In celebration of the 25th anniversary of the Americans with Disabilities Act (ADA), the Institute for Educational Leadership (IEL) is collecting stories from the ADA Generation — youth and young adults who came of age since the passage of the Americans with Disabilities Act — about what the ADA means to them.
These stories will be published on the IEL website and shared through social media. IEL encourages creativity in format, media, and content. Stories can be in written, graphic, or video form. Videos should be no longer than three (3) minutes and written submissions should be no longer than 500 words.
Each year, the Kansas Youth Empowerment Academy recognizes and celebrates three outstanding people who deserve to be recognized for their accomplishments and/or support of youth with disabilities.
KYEA has an award for a KSYLF alumni, one for a committed mentor, and one for a champion of youth with disabilities.
Do you know anyone who fits one of the descriptions below? Nominate them! All award recipients will be recognized at the KSYLF Mentor Luncheon in July.
Nominations are DUE by JUNE 19, 2015!
Governors (including Kansas') give back big money to Washington while unemployment, poverty continues for their citizens with disabilities
BETHESDA, Md. -- States around America returned millions of dollars to the federal government that could have been used to enable people with disabilities to get jobs and careers. This is despite the fact that 70% of people with disabilities are out of the workforce, and disability benefits and healthcare are costing billions to taxpayers.
Vocational rehabilitation and workforce development programs, when resources are allocated to proven best practices, can enable people with disabilities to secure stable employment. In 2012, vocational rehabilitation agencies helped 177,172 Americans with disabilities get jobs and careers. These programs operate by having the federal government match nearly $4 for every $1 that is spent by the individual states. However, if the states fail to spend the money or come up with matching funds, then the funds go back to the federal government.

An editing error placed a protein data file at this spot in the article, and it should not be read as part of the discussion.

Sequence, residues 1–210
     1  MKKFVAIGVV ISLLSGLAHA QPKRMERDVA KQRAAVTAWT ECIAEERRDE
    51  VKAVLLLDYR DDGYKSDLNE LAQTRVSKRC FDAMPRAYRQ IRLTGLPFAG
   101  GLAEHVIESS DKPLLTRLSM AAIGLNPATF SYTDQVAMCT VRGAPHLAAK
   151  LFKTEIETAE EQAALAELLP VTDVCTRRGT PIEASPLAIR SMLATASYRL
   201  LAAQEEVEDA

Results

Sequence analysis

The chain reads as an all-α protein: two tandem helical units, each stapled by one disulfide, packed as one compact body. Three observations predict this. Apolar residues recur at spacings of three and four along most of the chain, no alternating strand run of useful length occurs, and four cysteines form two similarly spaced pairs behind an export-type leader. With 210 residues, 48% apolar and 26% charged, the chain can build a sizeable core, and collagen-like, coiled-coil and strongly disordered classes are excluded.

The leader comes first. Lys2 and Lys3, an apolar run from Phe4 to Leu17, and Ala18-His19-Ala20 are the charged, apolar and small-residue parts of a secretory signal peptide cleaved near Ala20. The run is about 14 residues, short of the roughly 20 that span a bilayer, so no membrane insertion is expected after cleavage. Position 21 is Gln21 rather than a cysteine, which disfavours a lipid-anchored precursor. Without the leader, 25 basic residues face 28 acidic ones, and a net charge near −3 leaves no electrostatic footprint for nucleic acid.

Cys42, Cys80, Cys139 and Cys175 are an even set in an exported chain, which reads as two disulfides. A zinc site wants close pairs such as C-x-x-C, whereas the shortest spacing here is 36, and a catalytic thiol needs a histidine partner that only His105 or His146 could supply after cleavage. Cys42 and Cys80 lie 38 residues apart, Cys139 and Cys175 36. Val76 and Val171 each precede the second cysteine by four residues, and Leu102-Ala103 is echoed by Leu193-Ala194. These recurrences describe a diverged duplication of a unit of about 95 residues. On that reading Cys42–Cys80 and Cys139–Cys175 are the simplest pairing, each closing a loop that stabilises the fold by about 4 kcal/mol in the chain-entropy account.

Steve Hoover is set to retire from the Agrability and Kansas Equipment Exchange programs that are part of the Assistive Technology Access site in Southeast Kansas. Steve has worked since early June of 2009 helping to create opportunities for people with a disability to be more independent and remain active in their community.
The SKIL Resource Center and the SEK A.T. Access site celebrated with Steve and friends from the community. “We wish Steve the best. We are going to miss him.” Shari Coatney President of SKIL shared.
There is a great deal of work in gathering equipment from around the state that is then refurbished and made available to qualifying individuals as a result of the KEE Program.
Steve was the representative for the SEK area for the Kansas AgrAbility Project. It assists people with disabilities who work in agriculture.
The vision of AgrAbility is to enable a high quality lifestyle for farmers, ranchers, and other agricultural workers with disabilities. While the term “disability” often brings to mind conditions such as spinal cord injuries and amputations, AgrAbility addresses these and many other conditions, such as arthritis, chronic back pain, and behavioral health issues.
Through education and assistance, AgrAbility helps eliminate (or at least minimize) obstacles that inhibit success in production agriculture or agriculture-related occupations.
AgrAbility is funded by the United States Department of Agriculture (USDA) National Institute for Food and Agriculture (NIFA) and consists of a National Project and State/Regional Projects, including the Kansas AgrAbility Project. Each project is a collaborative partnership between a land grant university and one or more nonprofit disability services organizations.
Kansas AgrAbility partners are: Kansas State University, Southeast Kansas Independent Living (SKIL), and Assistive Technology for Kansans (ATK). Contact Us at 1-800-KAN DO IT (1-800-526-3648)
SKIL's Resource Central is back with host Annette Tucker. Annette chats with Shari Coatney, CEO of SKIL Resource Center and co-director of Kansas AgrAbility Project and Sheila Simmons, Specialist Trainer for Assistive Technology for Kansans.
Learn about how assistive technology benefits farmers with disabilities and helps keep them in the farming workforce. Shari and Sheila discuss their involvement with the programs and the different services offered through the Kansas AgrAbility Project and Assistive Technology for Kansans.
This program is produced by the SKILmedia Radio Network. Max FM 93.5, U-Rock 99.1 FM, Fox Sports 1340 AM, and Katy Country 1540 AM. Listen to these stations throughout Southeast Kansas and share with your friends!